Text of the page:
As I mentioned a couple of days ago, I’m doing some reading on table fellowship, and so I read my friend’s, Craig Blomberg’s, book called Contagious Holiness. This maybe the most complete display of what the Bible says on meals.
The book is a little more academically shaped than John Koenig’s, but Craig’s book does come round, in the last chp, to some sparkling vignettes of the impact of meals in the American Church.
Now here’s the big question: How many of us have used the word “inclusion” when it comes to Jesus’ practice of table fellowship? Now the kicker: How many of us have stopped there? Is the point of table fellowship inclusion or more than that? Put a little differently, just how “missional” was Jesus’ practice of table fellowship.
Now a brief on this book: it begins with the state of scholarship; it then trots its way through — in complete fashion — the whole Old Testament in sequential order, then he trots through the apocrypha and pseudepigrapha and then the Dead Sea Scrolls (almost nothing on the rabbis — sound history here because Craig knows that the rabbis are later than Jesus). Two chps on Jesus — good ones — and then a nice chp on practice today.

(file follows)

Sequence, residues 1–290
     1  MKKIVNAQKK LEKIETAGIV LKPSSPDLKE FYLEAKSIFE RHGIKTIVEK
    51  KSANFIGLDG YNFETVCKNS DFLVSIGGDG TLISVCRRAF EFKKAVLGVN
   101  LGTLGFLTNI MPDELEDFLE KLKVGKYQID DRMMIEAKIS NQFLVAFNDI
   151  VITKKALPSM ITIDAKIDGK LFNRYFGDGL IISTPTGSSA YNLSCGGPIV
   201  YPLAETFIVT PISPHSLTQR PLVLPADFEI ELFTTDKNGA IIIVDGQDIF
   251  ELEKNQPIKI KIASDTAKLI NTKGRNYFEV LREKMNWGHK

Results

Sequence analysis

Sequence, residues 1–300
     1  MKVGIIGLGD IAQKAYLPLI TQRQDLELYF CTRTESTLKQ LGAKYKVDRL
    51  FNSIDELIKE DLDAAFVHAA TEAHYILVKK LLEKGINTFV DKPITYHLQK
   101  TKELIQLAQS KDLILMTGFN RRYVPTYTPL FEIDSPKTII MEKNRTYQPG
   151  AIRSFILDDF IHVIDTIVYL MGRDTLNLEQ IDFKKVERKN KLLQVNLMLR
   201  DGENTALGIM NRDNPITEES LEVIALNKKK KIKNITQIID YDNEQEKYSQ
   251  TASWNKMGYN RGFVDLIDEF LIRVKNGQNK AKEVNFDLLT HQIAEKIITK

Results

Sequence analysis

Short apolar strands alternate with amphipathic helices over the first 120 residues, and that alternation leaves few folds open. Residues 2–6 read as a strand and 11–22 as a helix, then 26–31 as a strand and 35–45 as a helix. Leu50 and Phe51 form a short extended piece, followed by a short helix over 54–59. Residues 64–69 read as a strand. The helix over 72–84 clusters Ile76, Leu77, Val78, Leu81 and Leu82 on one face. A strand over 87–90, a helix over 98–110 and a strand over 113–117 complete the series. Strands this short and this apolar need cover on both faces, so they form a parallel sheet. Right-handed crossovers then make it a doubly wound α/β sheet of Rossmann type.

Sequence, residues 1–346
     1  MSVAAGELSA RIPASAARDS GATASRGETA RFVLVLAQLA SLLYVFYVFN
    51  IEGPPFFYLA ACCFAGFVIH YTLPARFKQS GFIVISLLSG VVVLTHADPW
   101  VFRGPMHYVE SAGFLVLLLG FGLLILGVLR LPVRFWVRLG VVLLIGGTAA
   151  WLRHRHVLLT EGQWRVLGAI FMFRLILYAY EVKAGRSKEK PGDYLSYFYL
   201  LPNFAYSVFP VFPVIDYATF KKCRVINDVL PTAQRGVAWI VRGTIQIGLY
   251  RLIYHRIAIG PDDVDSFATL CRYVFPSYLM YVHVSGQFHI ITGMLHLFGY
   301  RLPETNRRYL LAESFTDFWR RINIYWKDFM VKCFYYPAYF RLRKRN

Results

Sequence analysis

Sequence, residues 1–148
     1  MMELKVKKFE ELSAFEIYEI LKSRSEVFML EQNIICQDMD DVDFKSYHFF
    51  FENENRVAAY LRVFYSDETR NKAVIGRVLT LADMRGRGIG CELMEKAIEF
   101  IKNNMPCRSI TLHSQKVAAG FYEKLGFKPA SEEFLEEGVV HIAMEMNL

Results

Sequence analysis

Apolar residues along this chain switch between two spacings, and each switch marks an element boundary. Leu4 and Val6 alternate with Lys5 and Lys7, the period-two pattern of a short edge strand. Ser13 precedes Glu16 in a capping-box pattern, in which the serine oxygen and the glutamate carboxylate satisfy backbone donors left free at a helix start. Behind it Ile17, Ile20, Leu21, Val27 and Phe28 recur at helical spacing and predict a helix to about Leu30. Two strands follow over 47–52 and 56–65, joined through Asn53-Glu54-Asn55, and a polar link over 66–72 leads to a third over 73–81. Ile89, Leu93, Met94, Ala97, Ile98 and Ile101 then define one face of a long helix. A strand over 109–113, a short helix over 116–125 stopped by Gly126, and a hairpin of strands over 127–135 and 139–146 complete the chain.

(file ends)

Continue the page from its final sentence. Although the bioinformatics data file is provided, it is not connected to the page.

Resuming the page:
The singular contributions Craig makes to the discussion are two-fold: first, he debunks the idea that the Greek-Roman symposium shaped the meals of Jesus. The evidence for this is thin and often overdrawn. Second, and most importantly, Craig makes a big point about Jesus’ practice: inclusion is not enough to describe what Jesus accomplished. Jesus brings people to the table in order to become a “contagion of holiness.” Repentance, etc..
This isn’t really a book review, and I do have issues here and there with both Craig’s book and John Koenig’s book on Tuesday, but that’s for another setting.